"Chapter 20.—Whether We are to Believe that the Good Gods are More Willing to Have Intercourse with Demons Than with Men."


The sections are too long to reproduce on this forum. The interested reader is referred to the following text link :

http://dark-code.bulix.org/8uf9xs-118978


(2.)

Azazel and his coterie of fallen angels.

Azazel was an angel which descended on Mt Hermon, and showed humans how to smelt swords for use as weapons. Other fallen angels at the same time were said to have shown women how to use makeup and other cosmetics.

The stories are described in detail in the Book of Enoch. The excuse-making done by contemporary christians to describe the Book of Enoch as "non-canonical" do not hold up to basic scrutiny. The stories are referenced in Genesis (which is canonical), and Enoch is mentioned in the Old Testament. The word "azazel" appears in the original Hebrew texts of the Old Testament, but has been hastily translated to mean "mountain" or maybe "rocky canyon". Perhaps the most powerful evidence is that the Book of Enoch appeared in the dead sea scrolls, written on the same copper, alongside portions of Genesis and Exodus.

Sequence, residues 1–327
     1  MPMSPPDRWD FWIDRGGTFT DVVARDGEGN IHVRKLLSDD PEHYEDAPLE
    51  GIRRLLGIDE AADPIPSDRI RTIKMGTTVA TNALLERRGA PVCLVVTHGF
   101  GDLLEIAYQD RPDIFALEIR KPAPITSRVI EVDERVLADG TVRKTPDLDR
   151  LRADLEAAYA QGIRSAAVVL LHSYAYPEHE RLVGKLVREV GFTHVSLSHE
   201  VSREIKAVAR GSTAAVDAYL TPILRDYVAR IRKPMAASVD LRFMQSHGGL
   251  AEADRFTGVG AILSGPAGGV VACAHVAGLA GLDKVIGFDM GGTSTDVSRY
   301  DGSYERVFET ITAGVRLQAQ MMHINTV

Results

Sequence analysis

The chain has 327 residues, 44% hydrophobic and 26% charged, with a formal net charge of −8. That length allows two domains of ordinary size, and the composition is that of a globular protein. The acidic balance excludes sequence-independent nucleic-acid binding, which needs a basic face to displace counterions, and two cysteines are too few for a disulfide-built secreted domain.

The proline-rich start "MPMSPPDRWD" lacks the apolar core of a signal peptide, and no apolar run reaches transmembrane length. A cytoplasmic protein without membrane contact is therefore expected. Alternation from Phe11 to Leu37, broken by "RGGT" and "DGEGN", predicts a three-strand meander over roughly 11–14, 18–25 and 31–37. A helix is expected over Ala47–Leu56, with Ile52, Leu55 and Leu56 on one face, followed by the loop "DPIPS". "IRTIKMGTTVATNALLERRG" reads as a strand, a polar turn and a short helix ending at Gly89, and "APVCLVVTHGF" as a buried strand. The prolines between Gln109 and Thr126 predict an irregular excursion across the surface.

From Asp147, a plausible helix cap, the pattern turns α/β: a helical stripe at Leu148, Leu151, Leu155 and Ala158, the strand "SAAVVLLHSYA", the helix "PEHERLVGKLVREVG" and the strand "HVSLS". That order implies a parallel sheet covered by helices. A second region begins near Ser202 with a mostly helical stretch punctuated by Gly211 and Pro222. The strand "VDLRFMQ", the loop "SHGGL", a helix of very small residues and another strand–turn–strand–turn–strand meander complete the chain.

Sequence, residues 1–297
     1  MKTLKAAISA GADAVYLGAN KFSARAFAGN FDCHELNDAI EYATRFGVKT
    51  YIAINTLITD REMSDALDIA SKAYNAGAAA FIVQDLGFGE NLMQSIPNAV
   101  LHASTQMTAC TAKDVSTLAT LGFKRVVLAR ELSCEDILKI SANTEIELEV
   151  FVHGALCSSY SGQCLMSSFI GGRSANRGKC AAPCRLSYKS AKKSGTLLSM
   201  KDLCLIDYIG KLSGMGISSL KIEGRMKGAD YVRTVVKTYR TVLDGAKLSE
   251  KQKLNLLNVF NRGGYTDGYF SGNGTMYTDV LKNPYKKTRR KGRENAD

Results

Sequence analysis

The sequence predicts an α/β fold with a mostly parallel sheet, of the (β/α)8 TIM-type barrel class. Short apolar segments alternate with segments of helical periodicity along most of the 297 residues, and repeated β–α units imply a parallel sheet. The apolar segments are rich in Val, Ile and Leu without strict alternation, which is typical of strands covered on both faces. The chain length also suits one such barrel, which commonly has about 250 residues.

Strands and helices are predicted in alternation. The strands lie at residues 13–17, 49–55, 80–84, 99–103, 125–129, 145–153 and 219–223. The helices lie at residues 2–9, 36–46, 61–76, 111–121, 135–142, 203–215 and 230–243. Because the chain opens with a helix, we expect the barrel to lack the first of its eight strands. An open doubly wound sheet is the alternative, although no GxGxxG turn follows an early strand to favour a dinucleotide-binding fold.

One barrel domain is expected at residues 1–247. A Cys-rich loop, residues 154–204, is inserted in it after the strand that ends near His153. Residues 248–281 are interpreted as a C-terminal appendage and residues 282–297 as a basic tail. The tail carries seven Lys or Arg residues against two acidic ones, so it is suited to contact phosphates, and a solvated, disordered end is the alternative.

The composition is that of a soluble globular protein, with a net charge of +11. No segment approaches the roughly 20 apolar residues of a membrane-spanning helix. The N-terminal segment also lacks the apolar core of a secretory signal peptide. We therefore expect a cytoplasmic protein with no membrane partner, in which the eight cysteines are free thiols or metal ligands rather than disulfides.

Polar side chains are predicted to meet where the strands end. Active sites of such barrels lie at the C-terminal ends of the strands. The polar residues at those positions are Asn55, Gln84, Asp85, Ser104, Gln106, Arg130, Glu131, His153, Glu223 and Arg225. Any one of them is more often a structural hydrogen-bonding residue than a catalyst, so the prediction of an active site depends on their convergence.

While the stories of Enoch come across to our 21st-century eyes as overly fanciful, and somehow for that reason more easily dismissed as fairytale (for instance), they are part-and-parcel the kinds of real, living interactions with non-corporeal beings seen in every other fully canonical scripture. The non-corporeal beings interact sometimes by just talking, other times by coming in a dream, but then physically interact as well. In Enoch, the descended angels impregnate women, who then give birth to giants. Now if you are chortling right now at how "stupid" that sounds to your ears, please note this little passage in the canonical book of Genesis:

When men began to multiply on earth and daughters were born to them, the sons of God saw how beautiful the daughters of man were, and so they took for their wives as many of them as they chose. Then the Lord said: "My spirit shall not remain in man forever, since he is but flesh. His days shall comprise one hundred and twenty years." At that time the Nephilim appeared on earth (as well as later), after the sons of God had intercourse with the daughters of man, who bore them sons. They were the heroes of old, the men of renown. Genesis 6:1 - 6:4


Those contemporary christians who would futher go on to try to make some sort of literal/figurative distinction would necessarily fall flat in their excuse-making. e.g. "Well these stories were written for their figurative meaning to teach lessons, and dont mean to refer to actual physical or historical events". This is impossible to square with the words in both the Bible and the apocryphal literature which appears alongside it in ancient Hebrew.

These sources are the primary evidence of the existence of non-corporeal beings.

The interested reader who desires more detail is referred to the following links.

https://en.wikipedia.org/wiki/Watcher_(angel)

https://en.wikipedia.org/wiki/Book_of_Enoch